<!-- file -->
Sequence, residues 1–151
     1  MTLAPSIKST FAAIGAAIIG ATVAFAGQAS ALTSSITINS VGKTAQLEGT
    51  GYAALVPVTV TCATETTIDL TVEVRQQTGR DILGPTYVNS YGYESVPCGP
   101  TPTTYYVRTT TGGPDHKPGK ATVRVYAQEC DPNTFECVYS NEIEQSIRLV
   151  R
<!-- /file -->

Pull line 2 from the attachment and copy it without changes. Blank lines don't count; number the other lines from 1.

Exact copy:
     1  MTLAPSIKST FAAIGAAIIG ATVAFAGQAS ALTSSITINS VGKTAQLEGT